Avian flu

November 2022

We are advising all bird keepers to follow the latest government advice, to try to limit the spread of Avian Flu, in light of the continuing outbreak.

On 7 November 2022, the Avian Influenza Prevention Zone (AIPZ) implemented on 17 October 2022 which required strict biosecurity measures will be updated to include mandatory housing measures for all poultry and captive birds

This means from 7 November 2022 it is a legal requirement for all bird keepers to keep their birds indoors and to follow strict biosecurity measures including:

  • Housing or netting all poultry and captive birds
  • Cleanse and disinfect clothing, footwear, equipment and vehicles before and after contact with poultry and captive birds - if practical, use disposable protective clothing
  • Reduce the movement of people, vehicles or equipment to and from areas where poultry and captive birds are kept, to minimise contamination from manure, slurry and other products, and use effective vermin control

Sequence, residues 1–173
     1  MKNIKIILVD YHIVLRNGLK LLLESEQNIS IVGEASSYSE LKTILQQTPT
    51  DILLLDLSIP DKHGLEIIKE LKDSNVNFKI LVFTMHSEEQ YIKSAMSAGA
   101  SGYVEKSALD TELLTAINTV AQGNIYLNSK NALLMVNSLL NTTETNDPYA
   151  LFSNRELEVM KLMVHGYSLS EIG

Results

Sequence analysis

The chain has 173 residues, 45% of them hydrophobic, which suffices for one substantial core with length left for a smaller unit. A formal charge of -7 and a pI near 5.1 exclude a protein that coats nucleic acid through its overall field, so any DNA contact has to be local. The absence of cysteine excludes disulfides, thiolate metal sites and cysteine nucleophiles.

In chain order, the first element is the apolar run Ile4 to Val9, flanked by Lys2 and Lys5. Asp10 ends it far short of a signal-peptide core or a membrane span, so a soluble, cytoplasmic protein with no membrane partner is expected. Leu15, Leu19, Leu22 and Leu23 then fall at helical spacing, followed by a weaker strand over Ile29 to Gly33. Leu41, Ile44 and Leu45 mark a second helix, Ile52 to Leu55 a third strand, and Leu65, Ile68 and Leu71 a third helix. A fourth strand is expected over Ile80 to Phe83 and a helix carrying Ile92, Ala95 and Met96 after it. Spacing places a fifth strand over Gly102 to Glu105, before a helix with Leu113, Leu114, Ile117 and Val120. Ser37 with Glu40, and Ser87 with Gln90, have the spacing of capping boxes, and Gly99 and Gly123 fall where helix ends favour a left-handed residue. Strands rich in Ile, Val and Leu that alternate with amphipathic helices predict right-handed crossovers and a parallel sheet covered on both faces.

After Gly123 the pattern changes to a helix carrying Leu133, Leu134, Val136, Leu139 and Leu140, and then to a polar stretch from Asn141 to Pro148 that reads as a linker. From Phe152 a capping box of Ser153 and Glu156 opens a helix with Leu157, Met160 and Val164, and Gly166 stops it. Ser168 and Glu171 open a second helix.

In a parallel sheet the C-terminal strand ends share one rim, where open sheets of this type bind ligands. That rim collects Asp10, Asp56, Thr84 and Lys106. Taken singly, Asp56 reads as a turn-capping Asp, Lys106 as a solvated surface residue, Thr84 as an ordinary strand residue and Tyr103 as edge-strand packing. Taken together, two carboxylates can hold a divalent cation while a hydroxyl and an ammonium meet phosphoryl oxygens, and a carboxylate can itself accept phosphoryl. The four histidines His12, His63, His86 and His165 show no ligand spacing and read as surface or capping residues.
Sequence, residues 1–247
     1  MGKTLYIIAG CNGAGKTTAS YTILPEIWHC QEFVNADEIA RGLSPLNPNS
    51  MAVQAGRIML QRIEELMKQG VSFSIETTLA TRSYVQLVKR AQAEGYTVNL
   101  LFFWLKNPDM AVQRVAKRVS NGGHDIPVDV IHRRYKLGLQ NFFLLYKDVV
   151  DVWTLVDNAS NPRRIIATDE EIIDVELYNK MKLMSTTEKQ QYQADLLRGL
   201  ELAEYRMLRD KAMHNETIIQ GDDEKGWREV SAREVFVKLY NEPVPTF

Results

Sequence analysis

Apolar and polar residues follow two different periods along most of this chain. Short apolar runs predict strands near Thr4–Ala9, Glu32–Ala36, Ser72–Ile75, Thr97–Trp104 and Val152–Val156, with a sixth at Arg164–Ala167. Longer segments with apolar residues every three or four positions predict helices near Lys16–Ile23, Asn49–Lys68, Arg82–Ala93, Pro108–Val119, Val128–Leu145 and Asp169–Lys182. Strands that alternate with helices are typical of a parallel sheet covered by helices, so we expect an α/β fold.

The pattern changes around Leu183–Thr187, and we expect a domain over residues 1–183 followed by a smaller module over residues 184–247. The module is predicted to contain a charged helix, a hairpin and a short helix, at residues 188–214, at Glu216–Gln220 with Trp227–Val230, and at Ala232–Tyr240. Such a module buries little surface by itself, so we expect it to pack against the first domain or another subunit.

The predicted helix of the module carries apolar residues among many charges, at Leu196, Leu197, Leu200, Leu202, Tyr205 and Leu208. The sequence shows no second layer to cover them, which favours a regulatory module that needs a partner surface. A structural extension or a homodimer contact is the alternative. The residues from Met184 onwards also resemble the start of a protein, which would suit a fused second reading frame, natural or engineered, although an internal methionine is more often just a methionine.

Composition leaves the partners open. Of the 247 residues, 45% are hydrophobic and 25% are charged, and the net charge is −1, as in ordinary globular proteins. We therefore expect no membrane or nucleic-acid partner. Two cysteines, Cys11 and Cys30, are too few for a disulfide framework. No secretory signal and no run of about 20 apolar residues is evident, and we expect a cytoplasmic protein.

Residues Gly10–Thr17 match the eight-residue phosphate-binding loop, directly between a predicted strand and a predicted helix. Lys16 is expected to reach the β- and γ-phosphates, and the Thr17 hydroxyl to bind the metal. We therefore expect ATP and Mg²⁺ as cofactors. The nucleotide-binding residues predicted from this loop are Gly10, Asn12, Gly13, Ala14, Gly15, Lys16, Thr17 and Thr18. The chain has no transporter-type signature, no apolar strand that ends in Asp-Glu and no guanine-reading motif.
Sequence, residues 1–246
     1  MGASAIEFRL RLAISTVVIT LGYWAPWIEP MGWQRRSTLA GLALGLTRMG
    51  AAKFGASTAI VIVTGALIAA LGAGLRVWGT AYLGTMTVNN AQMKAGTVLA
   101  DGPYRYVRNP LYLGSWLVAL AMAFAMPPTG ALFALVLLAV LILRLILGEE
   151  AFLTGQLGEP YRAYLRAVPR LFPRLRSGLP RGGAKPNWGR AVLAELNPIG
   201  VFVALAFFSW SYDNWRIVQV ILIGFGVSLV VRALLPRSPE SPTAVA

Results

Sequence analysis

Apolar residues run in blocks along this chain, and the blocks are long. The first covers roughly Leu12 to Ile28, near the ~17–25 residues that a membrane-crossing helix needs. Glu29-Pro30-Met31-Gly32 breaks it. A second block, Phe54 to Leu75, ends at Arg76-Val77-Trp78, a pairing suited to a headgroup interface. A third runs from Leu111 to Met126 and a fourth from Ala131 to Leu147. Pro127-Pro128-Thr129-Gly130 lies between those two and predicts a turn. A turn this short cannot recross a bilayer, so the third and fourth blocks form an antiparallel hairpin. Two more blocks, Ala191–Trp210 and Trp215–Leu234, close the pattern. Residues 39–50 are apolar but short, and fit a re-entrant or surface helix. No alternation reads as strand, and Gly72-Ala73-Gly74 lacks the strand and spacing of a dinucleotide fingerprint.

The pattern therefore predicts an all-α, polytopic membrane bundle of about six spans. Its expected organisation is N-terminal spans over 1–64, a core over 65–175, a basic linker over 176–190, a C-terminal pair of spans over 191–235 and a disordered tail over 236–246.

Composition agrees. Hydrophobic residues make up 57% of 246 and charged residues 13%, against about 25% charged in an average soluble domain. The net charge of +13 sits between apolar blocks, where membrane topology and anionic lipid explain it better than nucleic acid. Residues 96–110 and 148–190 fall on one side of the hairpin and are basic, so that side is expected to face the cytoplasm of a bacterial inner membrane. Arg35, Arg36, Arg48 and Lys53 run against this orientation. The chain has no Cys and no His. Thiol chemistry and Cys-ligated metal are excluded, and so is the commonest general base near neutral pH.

• Keep records of mortality, movement of poultry and poultry products and any changes in production
  • Thoroughly cleanse and disinfect housing on a continuous basis
  • Keep fresh disinfectant at the right concentration at all farm and poultry housing entry and exit points
  • Minimise direct and indirect contact between poultry and captive birds and wild birds, including making sure all feed and water is not accessible to wild birds
  • Prevent access by poultry to ponds and watercourses and ensure that birds are kept in fenced or enclosed areas

Avian influenza circulates naturally in wild birds, and when they migrate to the UK from mainland Europe over the winter they can spread the disease to poultry and other captive birds.

Bird keepers should visit the avian flu guidance on gov.uk for full details of the AIPZ and updated biosecurity guidance.

The UK health agencies advise that the risk to public health from the virus is very low and the UK food standards agencies advise that avian influenzas pose a very low food safety risk for UK consumers. Properly cooked poultry and poultry products, including eggs, are safe to eat.

Do not touch or pick up any dead or sick birds that you find. If you find dead swans, geese or ducks or other dead wild birds, such as gulls or birds of prey, they should be reported to the Defra helpline.

Reporting

  • Poultry keepers and members of the public should report dead wild birds to the Defra Helpline on: 03459 33 55 77
  • Keepers should report any suspicion of disease to the Defra Rural Services Helpline on: 03000 200 301

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